Related to: 'Robert Louis Stevenson in Samoa'

MacLehose Press

The Lizard Strategy

Valerio Varesi
Authors:
Valerio Varesi

Italy's Maigret returns in another smouldering noir from a master of the police procedural "A master storyteller" Barry Forshaw, IndependentParma is blanketed in snow, but this pristine, white veneer cannot mask the stench of corruption. Its officials are no longer working for its people - only for themselves - crime is out of control and resentment festers in every district. Commissario Soneri remains at heart an idealist, so the state of Parma wounds him more than most. And now he is presented with three mysteries at once, each more impenetrable than the last. In a river creek on the outskirts of the city, tipped off by a local, he finds a mobile phone that rings through the night but holds no data; an elderly patient with senile dementia is reported missing from a hospice; and the mayor of Parma, who was reported as taking a holiday on the ski slopes, has disappeared off the face of the earth - just when he seemed certain to be implicated in a seismic corruption scandal at city hall.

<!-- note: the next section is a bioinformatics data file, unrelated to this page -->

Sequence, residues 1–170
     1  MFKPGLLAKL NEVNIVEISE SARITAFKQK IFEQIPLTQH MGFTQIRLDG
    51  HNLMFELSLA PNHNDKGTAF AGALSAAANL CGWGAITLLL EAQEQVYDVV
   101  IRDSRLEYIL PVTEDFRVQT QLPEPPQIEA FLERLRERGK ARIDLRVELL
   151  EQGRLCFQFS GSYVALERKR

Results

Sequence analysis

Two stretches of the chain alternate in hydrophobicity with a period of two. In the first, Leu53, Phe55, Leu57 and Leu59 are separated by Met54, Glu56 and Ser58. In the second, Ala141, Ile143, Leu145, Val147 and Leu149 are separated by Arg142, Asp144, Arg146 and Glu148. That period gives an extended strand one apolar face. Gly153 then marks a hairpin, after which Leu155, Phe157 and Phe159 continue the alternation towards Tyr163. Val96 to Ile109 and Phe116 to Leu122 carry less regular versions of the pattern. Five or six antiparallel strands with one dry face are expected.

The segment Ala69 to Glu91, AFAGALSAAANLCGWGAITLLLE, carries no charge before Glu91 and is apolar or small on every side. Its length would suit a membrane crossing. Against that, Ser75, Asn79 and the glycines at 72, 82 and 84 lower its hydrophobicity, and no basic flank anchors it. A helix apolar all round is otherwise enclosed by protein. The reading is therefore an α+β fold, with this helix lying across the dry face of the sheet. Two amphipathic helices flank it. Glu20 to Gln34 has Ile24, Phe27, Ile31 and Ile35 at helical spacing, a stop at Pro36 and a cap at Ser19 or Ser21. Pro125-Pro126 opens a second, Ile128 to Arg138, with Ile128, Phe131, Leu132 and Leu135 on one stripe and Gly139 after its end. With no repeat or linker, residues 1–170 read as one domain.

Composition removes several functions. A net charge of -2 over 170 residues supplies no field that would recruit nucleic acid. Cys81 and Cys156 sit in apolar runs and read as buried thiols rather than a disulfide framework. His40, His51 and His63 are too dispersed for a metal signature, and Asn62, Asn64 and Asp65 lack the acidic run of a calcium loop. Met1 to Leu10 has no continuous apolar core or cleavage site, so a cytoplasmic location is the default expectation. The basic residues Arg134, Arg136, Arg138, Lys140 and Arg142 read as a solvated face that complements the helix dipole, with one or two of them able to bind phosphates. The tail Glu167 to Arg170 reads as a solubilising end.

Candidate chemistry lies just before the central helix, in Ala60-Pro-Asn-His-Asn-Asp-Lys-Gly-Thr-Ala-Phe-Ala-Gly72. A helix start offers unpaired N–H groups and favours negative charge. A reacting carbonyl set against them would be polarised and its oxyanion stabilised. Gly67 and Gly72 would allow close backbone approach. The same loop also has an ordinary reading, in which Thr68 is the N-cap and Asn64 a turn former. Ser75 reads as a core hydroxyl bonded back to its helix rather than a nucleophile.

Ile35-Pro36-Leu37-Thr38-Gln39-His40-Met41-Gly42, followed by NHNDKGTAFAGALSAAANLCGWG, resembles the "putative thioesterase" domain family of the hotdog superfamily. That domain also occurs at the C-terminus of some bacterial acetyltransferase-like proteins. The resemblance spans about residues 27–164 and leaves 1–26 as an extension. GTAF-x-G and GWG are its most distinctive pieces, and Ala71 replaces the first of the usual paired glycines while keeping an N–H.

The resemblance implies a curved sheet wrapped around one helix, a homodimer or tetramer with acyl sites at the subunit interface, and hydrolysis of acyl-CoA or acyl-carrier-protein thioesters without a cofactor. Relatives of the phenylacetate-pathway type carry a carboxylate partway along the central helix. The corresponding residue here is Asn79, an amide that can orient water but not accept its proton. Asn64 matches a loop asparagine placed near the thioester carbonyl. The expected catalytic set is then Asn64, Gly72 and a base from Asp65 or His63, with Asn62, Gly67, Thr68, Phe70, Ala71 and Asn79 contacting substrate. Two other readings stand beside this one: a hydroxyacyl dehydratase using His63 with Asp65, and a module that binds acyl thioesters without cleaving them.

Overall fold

MacLehose Press

A Woman Much Missed

Valerio Varesi
Authors:
Valerio Varesi
MacLehose Press

Judge Surra

Andrea Camilleri
Authors:
Andrea Camilleri

A charming short story from the author of the celebrated Inspector Montalbano series. Sicily, 1862. In the newly united Italy, Judge Surra arrives in Montelusa to take charge of the local court, in a town where conflict has been kind to a select few. At first, Surra is baffled by the quaint local customs: cryptic anonymous notes, mutterings in the street, tasty - if tasteless - gifts of disembodied animal heads. However, buoyed by his twin passions for justice and fine dining, Surra is determined to settle into island life, no matter who stands in his way. Distilling his customary humour and tension into this miniature masterpiece, Andrea Camilleri casts an ironic eye on the corruption and charm of a turbulent small town, testing his naïve but noble hero against the darkest arts of the Mafia.

MacLehose Press

Judges

Andrea Camilleri, Carlo Lucarelli, Giancarlo De Cataldo
Authors:
Andrea Camilleri, Carlo Lucarelli, Giancarlo De Cataldo